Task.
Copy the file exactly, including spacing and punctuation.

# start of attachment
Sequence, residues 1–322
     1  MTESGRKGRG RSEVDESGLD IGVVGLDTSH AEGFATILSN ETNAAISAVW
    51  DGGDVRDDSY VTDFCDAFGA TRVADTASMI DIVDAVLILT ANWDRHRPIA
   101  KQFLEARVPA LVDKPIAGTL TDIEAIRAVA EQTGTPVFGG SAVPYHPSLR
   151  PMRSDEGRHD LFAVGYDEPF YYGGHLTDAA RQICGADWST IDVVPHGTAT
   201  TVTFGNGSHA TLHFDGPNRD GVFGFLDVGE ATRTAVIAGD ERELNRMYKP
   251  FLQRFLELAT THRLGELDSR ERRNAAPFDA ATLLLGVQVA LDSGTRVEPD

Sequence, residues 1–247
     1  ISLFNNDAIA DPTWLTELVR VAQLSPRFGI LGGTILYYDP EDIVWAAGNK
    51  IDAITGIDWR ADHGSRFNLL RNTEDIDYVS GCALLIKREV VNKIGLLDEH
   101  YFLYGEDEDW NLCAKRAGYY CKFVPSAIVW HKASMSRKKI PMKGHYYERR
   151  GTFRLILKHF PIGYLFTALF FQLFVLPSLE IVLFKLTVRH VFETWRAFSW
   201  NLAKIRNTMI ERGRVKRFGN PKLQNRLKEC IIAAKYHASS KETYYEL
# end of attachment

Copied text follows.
Sequence, residues 1–322
     1  MTESGRKGRG RSEVDESGLD IGVVGLDTSH AEGFATILSN ETNAAISAVW
    51  DGGDVRDDSY VTDFCDAFGA TRVADTASMI DIVDAVLILT ANWDRHRPIA
   101  KQFLEARVPA LVDKPIAGTL TDIEAIRAVA EQTGTPVFGG SAVPYHPSLR
   151  PMRSDEGRHD LFAVGYDEPF YYGGHLTDAA RQICGADWST IDVVPHGTAT
   201  TVTFGNGSHA TLHFDGPNRD GVFGFLDVGE ATRTAVIAGD ERELNRMYKP
   251  FLQRFLELAT THRLGELDSR ERRNAAPFDA ATLLLGVQVA LDSGTRVEPD

Sequence, residues 1–247
     1  ISLFNNDAIA DPTWLTELVR VAQLSPRFGI LGGTILYYDP EDIVWAAGNK
    51  IDAITGIDWR ADHGSRFNLL RNTEDIDYVS GCALLIKREV VNKIGLLDEH
   101  YFLYGEDEDW NLCAKRAGYY CKFVPSAIVW HKASMSRKKI PMKGHYYERR
   151  GTFRLILKHF PIGYLFTALF FQLFVLPSLE IVLFKLTVRH VFETWRAFSW
   201  NLAKIRNTMI ERGRVKRFGN PKLQNRLKEC IIAAKYHASS KETYYEL